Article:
Octavie Dostaler-Lalonde, cello
Artem Belogurov, piano
Romantic Lab is a video-blog dedicated to the study of late 19th- and early 20th-century performance practice, presenting the results of research and experimentation with Romantic performance by imitating historical recordings.
There is a consensus among musicologists and researchers that the earliest surviving recordings are an invaluable source of information of what performance practices of the time were. This is corroborated by a large amount of written evidence, such as treatises, methods, reviews of concerts, letters and memoirs of composers and performers. We believe that analysing and imitating early recordings is an invaluable technique in the study of 19th-century performance practices: both as a way of understanding them better and as a way of incorporating their stylistic features in performances. We chose the format of a video-blog hoping to engage with other musicians who have similar interests and approaches, open a discussion, as well as hopefully reaching to a wider audience.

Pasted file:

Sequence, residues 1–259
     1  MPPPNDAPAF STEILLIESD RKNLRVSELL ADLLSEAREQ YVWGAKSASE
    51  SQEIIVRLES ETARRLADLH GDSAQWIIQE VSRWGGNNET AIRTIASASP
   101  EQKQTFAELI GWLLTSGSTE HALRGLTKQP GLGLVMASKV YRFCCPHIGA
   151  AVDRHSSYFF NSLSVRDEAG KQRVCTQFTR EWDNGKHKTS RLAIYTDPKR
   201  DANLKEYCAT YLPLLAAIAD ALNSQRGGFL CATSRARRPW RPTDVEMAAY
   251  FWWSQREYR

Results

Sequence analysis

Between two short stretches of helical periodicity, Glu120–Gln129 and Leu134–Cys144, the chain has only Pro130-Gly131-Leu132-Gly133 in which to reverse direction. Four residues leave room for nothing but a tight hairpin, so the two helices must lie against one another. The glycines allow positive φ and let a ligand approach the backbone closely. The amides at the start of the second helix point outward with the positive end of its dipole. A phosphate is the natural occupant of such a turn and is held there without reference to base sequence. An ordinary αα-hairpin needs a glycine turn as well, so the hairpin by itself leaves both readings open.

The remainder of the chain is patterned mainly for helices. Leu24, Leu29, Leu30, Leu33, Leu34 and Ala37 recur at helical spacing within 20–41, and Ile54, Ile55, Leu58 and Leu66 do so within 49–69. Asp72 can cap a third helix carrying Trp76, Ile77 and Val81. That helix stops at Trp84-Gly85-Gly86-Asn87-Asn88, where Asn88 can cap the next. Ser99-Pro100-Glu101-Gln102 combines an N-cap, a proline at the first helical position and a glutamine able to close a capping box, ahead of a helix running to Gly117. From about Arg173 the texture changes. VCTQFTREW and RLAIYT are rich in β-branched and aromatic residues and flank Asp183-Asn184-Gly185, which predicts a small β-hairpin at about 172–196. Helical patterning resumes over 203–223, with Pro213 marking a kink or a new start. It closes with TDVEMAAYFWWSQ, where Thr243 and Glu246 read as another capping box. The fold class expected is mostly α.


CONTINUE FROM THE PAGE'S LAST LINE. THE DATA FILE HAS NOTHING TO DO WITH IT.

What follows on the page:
We acknowledge the support of the Canada Council for the Arts, which last year invested $153 million to bring the arts to Canadians throughout the country.
Nous remercions le Conseil des arts du Canada de son soutien. L’an dernier, le Conseil a investi 153 millions de dollars pour mettre de l’art dans la vie des Canadiennes et des Canadiens de tout le pays.
Videos by Noelia Nicolas and sound by Antal van Nie.
To give a taste of what the rest will be like, and to open a discussion (please contact me if you have any thoughts to share about what we are doing), here is one of the full pieces we recorded. It is Chopin’s Nocturne in E minor arranged for cello and piano, based on a recording by Joseph Hollman from ca.1915.